If you build it, will they come? Developer Edward Minskoff sure hopes so. It turns out that new pedestrian plazas and preservationist-angering road realignments aren't the only major changes coming to Astor Place. Minskoff has once again told the Wall Street Journal that he's moving ahead with 51 Astor Place, the 13-story ribbed granite-and-glass office building that was supposed to replace Cooper Union's old engineering building (and a Starbucks!) before the credit crunch delayed those plans. The building has a flashy Fumihiko Maki design, but what it doesn't have is construction financing, or tenants. Minskoff isn't worried, though, despite speculative office towers not faring so well recently. In fact, he's already predicting who will be moving downtown come 2013.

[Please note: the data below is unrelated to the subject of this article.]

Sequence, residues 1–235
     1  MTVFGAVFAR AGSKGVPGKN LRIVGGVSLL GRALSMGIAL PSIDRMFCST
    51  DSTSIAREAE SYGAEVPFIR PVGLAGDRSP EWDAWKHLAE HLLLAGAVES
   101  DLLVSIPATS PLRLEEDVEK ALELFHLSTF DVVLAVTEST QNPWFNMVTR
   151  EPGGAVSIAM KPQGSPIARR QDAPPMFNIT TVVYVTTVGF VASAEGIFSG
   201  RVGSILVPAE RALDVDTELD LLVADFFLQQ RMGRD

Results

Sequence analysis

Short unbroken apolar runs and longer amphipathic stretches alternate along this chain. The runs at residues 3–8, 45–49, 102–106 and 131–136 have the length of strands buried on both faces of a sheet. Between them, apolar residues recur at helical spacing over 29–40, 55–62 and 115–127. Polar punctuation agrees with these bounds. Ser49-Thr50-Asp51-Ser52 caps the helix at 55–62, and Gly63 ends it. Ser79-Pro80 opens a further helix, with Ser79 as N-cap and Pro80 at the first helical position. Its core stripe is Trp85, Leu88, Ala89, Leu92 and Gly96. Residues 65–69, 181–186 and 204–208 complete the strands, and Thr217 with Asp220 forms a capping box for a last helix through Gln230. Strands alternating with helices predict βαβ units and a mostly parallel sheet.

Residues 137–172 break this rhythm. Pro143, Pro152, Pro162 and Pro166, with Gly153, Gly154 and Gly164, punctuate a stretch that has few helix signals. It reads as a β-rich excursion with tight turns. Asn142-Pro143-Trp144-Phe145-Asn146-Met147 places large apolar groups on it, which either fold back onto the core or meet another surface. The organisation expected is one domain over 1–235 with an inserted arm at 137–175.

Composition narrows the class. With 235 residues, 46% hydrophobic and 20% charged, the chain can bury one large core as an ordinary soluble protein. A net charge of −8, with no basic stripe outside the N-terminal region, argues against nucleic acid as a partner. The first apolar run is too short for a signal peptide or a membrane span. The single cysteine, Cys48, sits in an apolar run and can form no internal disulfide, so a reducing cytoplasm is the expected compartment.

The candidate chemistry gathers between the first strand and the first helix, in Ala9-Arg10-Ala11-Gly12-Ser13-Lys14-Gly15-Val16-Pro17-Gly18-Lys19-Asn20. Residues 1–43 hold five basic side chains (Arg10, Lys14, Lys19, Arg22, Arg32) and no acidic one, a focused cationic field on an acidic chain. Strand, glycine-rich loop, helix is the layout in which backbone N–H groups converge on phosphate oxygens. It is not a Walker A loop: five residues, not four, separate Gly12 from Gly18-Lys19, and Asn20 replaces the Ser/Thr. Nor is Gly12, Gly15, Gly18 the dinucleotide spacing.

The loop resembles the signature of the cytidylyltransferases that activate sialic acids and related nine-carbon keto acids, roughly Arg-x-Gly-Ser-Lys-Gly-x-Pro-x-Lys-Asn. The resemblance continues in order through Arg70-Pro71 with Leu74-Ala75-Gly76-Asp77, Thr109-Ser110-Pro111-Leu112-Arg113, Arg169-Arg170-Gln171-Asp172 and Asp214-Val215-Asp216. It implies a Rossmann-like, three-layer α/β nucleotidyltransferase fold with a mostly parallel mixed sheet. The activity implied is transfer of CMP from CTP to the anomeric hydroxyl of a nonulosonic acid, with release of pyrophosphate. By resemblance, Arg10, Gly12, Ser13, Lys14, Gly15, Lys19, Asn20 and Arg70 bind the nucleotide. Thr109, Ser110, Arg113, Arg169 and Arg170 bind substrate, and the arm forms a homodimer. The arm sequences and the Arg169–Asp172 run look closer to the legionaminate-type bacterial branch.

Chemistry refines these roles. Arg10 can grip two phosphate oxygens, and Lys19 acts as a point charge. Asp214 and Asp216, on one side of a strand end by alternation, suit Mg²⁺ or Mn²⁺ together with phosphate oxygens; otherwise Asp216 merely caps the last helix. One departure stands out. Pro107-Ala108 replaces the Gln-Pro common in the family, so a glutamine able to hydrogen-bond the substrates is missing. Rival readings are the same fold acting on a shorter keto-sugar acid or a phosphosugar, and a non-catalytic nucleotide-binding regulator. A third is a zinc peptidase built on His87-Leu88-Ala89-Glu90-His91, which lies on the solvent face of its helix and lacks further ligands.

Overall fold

Minskoff says the building will attract high-tech companies, investment banks, insurance and advertising firms. Though Astor Place seems like an odd location for a new office building, AOL and J. Crew already call the gateway to the East Village home. And Minskoff isn't the only developer eager to break ground on new cubicle farms. The Journal adds that other arrested developments might be making a comeback, including the Manhattan West twin towers near Hudson Yards and 250 West 55th Street in Hell's Kitchen, both designed by SOM. These zombies will add more fuel to the fire regarding construction's big comeback in NYC, at least when it comes to office buildings. Guess it's a working stiff's world, after all.
· Developers Eye City Office Buildings [WSJ]
· Non-Residential Construction Gets a Lift [WSJ]
· 51 Astor Place coverage [Curbed]